How to Protect Your Data on Facebook



The latest news surrounding social network security, in the midst of the Cambridge Analytica story, has alerted consumers to the fact that our data isn’t always as safe as we think it is. Unfortunately, controlling our data has become more complicated and our personal information is often made available to third parties without us realising, which was the case for millions of users in the recent Cambridge Analytica scandal. In light of this, many people have opted to delete their online profiles altogether, with ‘#deleteFacebook’ trending last week. Understandably, this is not an option for everyone.

Every click, like, comment and message is stored by Facebook, which creates a very in-depth virtual log of our online habits. This log builds a profile of who we are, what we like, our behaviours and activity, which can then be used for targeted advertising and marketing. If this makes you feel unsettled, there are a few tips you can follow to tighten up on your data privacy without deleting your profile altogether.

Turn off location sharing

If you use apps on your smartphone – especially social media apps – you will most likely have your location sharing enabled.  This can allow apps to track where you go and what locations you visit to use this information for targeted marketing. You can turn off your location sharing within your smartphone’s settings.

Be aware of what is public

Within Facebook, you can change the privacy settings of each section of information, allowing you to toggle what anyone can see, what your friends can see, and what only you can see. To edit this, go to Settings > Timeline and Tagging > Review what other people see on your timeline. This will let you see what the public, or a certain person, can see on your profile. You can then adjust accordingly based on what you would like shared. For example, you might be happy to share your home town, but want to keep your marital status and workplace private. You can also change the privacy of your posts and photos to allow only friends to see them.

Download your data

You can also download your entire archive of data from Facebook, and it is relatively simple to do so. Go to Settings (right hand corner of your news feed) > Download a copy of your Facebook data. If you have held Facebook for a number of years, this may take a while to download, but it will allow you to see every piece of information Facebook has stored about you.

Review third-party apps

A third-party app was at the centre of the Cambridge Analytica data leak, meaning millions of users and their friends’ data were accessed. If you have had a Facebook account for a while, it is most likely that you have enabled a lot of apps through Facebook that you may have forgotten about or no longer use. From shopping apps to music apps, there may be a lot of information sharing enabled to these third parties. Facebook states:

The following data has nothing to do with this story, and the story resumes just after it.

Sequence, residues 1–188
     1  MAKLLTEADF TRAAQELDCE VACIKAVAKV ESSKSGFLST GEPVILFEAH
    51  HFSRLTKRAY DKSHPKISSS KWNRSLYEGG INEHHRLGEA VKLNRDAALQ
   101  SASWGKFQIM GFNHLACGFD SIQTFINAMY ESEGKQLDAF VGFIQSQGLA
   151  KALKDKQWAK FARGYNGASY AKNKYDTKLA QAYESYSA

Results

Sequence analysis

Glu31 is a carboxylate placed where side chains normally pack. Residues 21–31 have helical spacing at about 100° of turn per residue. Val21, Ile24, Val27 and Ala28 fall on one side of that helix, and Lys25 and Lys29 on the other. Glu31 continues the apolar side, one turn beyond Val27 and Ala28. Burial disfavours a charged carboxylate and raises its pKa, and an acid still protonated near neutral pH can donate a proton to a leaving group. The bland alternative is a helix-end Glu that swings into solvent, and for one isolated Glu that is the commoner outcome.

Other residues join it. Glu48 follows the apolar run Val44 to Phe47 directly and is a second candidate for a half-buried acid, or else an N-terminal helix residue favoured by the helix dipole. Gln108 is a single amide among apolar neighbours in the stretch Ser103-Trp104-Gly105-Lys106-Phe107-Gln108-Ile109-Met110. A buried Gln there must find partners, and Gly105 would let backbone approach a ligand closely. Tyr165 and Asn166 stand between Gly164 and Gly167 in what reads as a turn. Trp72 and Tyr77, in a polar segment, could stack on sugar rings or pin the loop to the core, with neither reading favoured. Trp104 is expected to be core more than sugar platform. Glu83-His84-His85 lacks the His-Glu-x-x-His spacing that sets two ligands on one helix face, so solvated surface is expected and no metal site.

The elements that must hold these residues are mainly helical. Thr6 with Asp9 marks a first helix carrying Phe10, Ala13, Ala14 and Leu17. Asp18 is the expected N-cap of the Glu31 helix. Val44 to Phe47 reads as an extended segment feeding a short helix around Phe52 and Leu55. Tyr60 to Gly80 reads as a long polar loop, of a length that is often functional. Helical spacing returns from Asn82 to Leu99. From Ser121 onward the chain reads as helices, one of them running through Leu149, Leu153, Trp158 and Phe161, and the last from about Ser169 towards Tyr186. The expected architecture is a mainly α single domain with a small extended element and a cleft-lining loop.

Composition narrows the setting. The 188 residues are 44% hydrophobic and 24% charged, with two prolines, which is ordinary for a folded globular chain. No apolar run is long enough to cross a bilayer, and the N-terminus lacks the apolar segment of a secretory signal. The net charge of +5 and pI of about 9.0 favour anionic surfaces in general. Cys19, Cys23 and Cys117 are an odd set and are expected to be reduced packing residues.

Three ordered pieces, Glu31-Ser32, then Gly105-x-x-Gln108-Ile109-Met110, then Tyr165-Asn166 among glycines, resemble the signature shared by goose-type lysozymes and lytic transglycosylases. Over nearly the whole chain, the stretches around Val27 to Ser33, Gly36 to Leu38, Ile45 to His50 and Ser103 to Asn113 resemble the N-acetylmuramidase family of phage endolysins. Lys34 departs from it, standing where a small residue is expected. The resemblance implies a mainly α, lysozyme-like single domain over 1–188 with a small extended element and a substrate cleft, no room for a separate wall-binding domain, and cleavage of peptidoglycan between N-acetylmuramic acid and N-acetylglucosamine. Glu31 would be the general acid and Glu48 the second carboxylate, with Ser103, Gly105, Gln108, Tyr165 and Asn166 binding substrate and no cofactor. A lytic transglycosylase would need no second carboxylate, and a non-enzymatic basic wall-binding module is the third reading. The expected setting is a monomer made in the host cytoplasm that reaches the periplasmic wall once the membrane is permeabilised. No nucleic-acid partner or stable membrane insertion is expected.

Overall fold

“On Facebook, your name, profile picture, cover photo, gender, networks, username and user ID are always publicly available to both people and apps. Apps also have access to your friends list and any information that you choose to make public.”

To review and tidy up this information sharing within Facebook, go to Settings > Account Settings > Apps > and then review each section and app. You can remove apps you no longer use. Going forward, be careful what apps you use Facebook to login to and be mindful of what information you are making publically accessible to these third parties.

Adjust your advert settings

Advertisers use the information you provide Facebook, and your activity and behaviour log, for targeted marketing. However, you are in control of what they can use and how they can use it. To edit your advert settings in Facebook, go to Settings > Ads. From here you will be able to edit what information advertisers can target you on, such as your education, job title and relationship status.

What does this mean for businesses?

The news around data privacy does have implications for businesses too. As consumers become increasingly aware of what happens to the data they provide online, businesses may be faced with a challenge when it comes to targeting their audiences. Consumers may be more cautious over what data they provide, which could restrict targeting effectiveness for brands. This recent news surrounding Facebook privacy along with the incoming GDPR in May has created a dialogue around data privacy, which brands will need to keep a close eye on. Advertisers may therefore eventually explore other options and platforms to reach their audience.

Talk to us if you are concerned about Cyber Security

If you have any concerns, you can arrange a meeting with Blue Rock, which is our cyber security and data protection consultancy.  Use the contact form below to get in touch, or else send send an e-mail to Lorraine Mills at Blue Rock.